From the Points Guy, “Travel-friendly strollers should be lightweight and easy to fold. Before heading to the airport, make sure you know how to fold it up securely and fit it through the security scanner.

Remember you’ll need to take all of your belongings (including your child) out of the stroller when it’s time to go through security.”

Be Prepared to Keep Your Kids Busy

Be Prepared to Keep Your Kids Busy

No matter how you organize it, a travel day can be a long day for anyone, especially a child. While your best plan was to have your child sit at their window seat and studiously observe the changing terrains outside for three hours, you may need to find an alternative.  Similarly, your hope that they would complete their summer reading list in one sitting may also not be realistic.  And that’s not even considering delays and cancellations that are certainly common in the summer.

From the Points Guy, “Some airports have indoor play areas where your kids can let off steam before having to sit still for a flight. These play areas are great ways to pass the time in the airport when you have younger kids. It doesn’t take much to make a toddler, preschooler, or even a younger elementary kid happy in an airport as long as there is something to do.”

And as teachers, you know how important it is to bring along games, books, and other activities.  It’s a great time for family fun too. You can play cards sitting next to a child at the airport or on board.  You can even bring flash cards to support learning and include picture books or other lighter school readings.



#1 on our list and the leading suggestion from The Points Guy is getting you and your family PreCheck.

We can’t overestimate the importance of this in the summer months.  There is no worse feeling than showing up at the airport and traversing the revolving door, only to see lines of hundreds of people in front of security.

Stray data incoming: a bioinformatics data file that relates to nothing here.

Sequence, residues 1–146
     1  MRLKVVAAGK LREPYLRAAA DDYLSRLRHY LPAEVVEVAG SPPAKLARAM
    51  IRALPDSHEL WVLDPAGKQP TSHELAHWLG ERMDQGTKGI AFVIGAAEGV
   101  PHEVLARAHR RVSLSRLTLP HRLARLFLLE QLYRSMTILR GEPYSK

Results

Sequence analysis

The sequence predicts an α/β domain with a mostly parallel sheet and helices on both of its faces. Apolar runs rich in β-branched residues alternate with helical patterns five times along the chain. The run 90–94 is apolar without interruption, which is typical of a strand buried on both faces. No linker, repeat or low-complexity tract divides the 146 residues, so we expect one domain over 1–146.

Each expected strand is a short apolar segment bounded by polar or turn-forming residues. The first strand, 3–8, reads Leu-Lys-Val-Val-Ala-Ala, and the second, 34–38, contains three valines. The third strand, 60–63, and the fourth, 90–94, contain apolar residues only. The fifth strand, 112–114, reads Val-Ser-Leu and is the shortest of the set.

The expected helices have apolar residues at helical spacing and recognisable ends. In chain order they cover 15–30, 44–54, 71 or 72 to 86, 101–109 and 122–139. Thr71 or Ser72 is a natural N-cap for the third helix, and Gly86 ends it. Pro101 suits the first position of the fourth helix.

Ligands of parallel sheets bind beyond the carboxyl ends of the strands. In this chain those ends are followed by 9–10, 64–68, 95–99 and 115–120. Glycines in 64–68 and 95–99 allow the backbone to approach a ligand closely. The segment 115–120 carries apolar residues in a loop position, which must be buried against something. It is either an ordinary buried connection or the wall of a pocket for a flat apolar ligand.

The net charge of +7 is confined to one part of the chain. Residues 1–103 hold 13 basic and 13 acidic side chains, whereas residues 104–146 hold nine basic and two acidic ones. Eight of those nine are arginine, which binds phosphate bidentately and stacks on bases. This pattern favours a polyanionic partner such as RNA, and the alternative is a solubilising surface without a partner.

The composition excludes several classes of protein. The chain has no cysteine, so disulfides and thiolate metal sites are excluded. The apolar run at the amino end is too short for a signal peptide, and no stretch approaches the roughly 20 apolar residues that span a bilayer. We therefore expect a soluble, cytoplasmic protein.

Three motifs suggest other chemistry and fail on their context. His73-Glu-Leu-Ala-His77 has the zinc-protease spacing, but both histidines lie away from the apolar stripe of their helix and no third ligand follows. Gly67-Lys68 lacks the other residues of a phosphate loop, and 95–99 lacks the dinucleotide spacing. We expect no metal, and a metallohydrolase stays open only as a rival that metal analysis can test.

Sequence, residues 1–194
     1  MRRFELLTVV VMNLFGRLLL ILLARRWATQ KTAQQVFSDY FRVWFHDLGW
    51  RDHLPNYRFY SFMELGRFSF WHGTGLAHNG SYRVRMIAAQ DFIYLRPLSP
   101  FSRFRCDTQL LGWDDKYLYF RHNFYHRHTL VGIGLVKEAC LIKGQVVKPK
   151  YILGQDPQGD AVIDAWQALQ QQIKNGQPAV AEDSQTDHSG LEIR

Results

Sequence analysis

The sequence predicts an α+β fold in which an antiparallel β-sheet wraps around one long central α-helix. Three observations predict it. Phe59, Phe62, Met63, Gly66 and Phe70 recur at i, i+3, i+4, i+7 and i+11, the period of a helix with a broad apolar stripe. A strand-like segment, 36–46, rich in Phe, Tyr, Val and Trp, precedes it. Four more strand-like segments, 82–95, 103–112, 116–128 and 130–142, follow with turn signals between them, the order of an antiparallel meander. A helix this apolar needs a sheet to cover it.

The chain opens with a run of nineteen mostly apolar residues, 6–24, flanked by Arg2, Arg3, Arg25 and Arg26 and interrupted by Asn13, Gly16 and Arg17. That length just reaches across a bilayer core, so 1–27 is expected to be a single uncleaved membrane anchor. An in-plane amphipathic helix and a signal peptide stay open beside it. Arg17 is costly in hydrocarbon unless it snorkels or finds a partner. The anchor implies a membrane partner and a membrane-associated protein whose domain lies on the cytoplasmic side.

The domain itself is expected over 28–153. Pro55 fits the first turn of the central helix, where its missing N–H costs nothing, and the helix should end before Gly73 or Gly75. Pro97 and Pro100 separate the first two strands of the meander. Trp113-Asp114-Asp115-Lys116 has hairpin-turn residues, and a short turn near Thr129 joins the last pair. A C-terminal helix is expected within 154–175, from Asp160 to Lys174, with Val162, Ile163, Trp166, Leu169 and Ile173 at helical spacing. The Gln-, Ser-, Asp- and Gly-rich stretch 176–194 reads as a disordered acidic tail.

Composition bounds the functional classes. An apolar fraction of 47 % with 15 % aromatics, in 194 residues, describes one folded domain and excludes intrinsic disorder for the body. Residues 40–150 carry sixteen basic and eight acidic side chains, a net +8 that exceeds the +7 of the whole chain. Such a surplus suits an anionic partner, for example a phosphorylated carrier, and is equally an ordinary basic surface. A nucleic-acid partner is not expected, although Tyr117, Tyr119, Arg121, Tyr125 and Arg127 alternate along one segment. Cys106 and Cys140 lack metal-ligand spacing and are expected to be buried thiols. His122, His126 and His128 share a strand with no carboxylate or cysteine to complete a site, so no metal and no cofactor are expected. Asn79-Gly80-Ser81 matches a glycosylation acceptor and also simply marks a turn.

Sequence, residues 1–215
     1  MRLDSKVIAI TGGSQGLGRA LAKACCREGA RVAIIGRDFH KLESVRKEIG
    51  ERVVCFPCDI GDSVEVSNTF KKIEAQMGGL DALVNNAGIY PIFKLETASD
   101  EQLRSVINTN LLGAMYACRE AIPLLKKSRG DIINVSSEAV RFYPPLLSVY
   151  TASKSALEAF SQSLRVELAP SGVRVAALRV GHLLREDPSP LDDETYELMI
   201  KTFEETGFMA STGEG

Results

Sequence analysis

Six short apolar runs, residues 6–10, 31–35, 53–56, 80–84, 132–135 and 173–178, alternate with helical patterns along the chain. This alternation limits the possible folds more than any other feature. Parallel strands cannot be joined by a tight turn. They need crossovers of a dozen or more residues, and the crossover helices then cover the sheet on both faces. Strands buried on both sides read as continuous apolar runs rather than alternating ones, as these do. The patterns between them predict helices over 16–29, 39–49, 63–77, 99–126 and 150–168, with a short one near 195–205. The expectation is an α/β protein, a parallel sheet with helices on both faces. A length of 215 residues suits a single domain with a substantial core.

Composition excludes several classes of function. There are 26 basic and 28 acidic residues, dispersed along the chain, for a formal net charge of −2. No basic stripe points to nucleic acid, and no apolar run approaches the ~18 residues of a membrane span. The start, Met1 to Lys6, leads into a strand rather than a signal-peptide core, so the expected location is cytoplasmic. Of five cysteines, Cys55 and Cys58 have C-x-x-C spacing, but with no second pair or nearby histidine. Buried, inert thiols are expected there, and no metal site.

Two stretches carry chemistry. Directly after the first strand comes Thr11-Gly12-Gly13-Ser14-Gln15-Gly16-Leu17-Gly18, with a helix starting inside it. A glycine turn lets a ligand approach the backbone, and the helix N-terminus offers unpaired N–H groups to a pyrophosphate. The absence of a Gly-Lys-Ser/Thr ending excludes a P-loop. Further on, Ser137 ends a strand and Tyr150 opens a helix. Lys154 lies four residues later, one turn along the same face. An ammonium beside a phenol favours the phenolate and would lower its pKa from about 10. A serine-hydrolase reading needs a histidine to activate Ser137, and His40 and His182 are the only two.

From the Points Guy, “Getting through security gets so much easier when everyone in your family has access to PreCheck. The time it takes to secure five years of PreCheck will be worth it the second you see a long TSA security line that you can skip for the (usually) shorter and faster PreCheck line. Your kids can piggyback with you through PreCheck until they turn 13 years old, at which point they must have their own PreCheck approval.”

If you are planning some international travel, you may want to opt for Global Entry over TSA PreCheck to expedite your time spent in immigration and customs upon re-entry to the U.S. Every person in your family, regardless of age, will need to sign up for Global Entry (and pay the $100 application fee) to use the benefits. It’s money well spent as Global Entry also includes TSA PreCheck, so you’ll reap the benefits of both programs.”

Another option is Clear, which is a paid service that uses biometrics to get you through the airport even faster. With Clear, children under 18 who are traveling with a Clear member can go through the Clear lane without needing to sign up for an account.

Clear does require an annual paid subscription and it may not be worth it if you fly infrequently.  A number of rewards credit cards will reimburse some or all of your fees, so it might be worth checking.


Do you have any tips for fellow teachers traveling with their families this summer?


  1. I have the TSA Precheck, it was the best thing I did! No removing shoes and I get to zip through the TSA line! Such a stress remover!